Comedy rather than dark and foreboding scenes are what the film-makers seem to be going for with this project. As class trip chaperones and the student’s teachers, the comic duo of Julius Dell and Roger Harrington trade barbs with themselves and the kids, part bumbling and part incompetent, always offering comic moments of relief. When Harold “Happy” Hogan becomes smitten with Aunt May, his awkwardness is cute and fresh rather than sappy and cliched. The supporting characters have stuff to do but I would have preferred a bit more darkness or gloominess.

The sequences that rise Spider-Man: Far from Home above mediocrity are the wonderful and plentiful European scenes, a feast of riches for this fan of world travel and culture. The canals of Venice and the magnificence of Prague are nearly rivaled by the sophistication of London and the history of Berlin. Sadly, the film does not culminate in Paris as I had hoped and was hinted at, causing a slight hiccup in my vicarious travel pleasures.

Spider-Man: Far From Home (2019) is a film perfectly crafted for summer and fittingly was viewed on a scorching hot July day. The film is not a masterpiece, sticking to a formula tried and true, and limiting the dangerous possibilities when one threatens to destroy the world in favor of humor. The cast is likable, the villain compelling, and the romance showcases more than just the main couple, being careful not to limit the cash cow of special effects and adventure the film heavily provides.

Black Panther-2018

Black Panther-2018

Director-Ryan Coogler

Starring-Chadwick Boseman, Michael B. Jordan

Scott’s Review #805

Reviewed August 23, 2018

Grade: B+

For the record, I am not a huge super-hero fan nor an obsessive follower of the popular Marvel comic series. I see a handful of, but hardly many of this particular genre of film, usually those (if any) receiving year-end recognition. Having heard many positives regarding Black Panther (2018) I was looking forward to something creative and left of center from the typical genre film.  While the film has some standard super-hero elements, the fact that most of the characters are ethnic is an enormous plus and worth the price of admission alone.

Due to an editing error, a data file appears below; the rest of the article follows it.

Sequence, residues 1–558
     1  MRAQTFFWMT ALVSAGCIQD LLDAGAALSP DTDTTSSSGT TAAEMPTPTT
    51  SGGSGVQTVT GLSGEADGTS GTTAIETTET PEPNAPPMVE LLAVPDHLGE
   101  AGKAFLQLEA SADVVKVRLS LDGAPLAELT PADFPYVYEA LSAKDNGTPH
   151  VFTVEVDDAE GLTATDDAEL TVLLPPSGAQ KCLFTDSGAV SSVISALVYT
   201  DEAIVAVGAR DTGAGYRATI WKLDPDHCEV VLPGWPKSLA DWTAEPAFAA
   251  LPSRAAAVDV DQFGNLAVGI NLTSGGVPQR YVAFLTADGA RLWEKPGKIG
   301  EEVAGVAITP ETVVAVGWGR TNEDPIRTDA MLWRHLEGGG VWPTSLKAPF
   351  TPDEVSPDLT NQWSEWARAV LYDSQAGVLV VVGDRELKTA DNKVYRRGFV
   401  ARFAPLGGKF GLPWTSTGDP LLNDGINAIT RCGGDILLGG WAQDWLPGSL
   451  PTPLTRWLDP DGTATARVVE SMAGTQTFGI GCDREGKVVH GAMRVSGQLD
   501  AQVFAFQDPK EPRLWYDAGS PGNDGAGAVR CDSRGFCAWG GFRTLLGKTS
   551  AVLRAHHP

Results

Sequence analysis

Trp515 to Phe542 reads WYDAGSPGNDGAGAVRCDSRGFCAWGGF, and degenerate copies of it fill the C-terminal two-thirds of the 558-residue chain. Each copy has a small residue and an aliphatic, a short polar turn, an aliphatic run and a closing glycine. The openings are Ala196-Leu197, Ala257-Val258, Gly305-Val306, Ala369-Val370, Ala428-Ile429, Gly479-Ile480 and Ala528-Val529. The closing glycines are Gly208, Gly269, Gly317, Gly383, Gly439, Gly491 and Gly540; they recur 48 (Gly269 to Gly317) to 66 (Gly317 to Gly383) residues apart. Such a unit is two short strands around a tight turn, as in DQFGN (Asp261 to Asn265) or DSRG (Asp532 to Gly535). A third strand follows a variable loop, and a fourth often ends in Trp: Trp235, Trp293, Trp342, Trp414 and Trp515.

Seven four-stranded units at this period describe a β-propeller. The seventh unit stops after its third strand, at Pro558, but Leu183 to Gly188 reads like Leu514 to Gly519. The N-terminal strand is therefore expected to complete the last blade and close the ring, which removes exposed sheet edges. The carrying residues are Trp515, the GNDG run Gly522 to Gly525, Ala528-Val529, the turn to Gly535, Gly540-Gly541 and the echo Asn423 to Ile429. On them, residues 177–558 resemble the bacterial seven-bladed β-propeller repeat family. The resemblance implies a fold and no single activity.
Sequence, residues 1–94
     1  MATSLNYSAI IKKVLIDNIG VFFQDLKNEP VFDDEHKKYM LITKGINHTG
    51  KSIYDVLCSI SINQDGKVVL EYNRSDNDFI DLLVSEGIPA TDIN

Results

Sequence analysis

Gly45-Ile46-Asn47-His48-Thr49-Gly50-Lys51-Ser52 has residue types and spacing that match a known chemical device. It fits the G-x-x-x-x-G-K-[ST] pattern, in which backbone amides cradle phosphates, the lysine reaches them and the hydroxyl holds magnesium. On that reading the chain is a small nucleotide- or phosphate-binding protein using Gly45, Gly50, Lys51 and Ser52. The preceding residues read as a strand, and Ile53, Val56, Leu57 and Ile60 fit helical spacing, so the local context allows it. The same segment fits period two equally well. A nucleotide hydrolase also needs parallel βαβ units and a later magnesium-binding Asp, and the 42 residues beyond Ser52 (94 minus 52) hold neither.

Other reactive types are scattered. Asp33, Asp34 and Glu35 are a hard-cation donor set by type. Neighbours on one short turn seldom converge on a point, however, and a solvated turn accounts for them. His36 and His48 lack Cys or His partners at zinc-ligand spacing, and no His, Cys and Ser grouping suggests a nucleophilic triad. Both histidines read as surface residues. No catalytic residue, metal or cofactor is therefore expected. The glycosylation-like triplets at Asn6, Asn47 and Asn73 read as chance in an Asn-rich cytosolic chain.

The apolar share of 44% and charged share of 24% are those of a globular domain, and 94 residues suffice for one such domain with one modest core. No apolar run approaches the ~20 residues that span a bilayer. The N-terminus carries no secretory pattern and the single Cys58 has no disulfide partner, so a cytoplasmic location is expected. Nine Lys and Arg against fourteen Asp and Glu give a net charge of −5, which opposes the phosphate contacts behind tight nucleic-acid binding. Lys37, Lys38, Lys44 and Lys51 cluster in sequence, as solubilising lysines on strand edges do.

To elaborate further, admittedly Black Panther plays out like a super-hero film is “supposed” to play out- fight scenes, machismo, action, and villains, with the standard good versus evil story-line thrown in. This is all well and good and will undoubtedly please the traditional Marvel comic book fan. However, the nuances that the screenwriters and director, Ryan Coogler sneak into the film are what sets it above a mediocre rating.

The fact that nearly all of the principal characters are black is tremendous, and the female black characters portrayed as strong is huge. Furthermore, the visual treats of Africa, Korea, and multi-cultural clothing and colors is noteworthy. While I wish the actual story would have steered further away from the tried and true, I was left happy with the other qualities.

The film begins with a quick story of how one African nation, Wakanda, came to be and proudly brought into existence the first “Black Panther” with super-powers obtained from a special plant. As the action moves to Oakland, California, circa 1992, we learn that the King of Wakanda is visiting his brother who works undercover.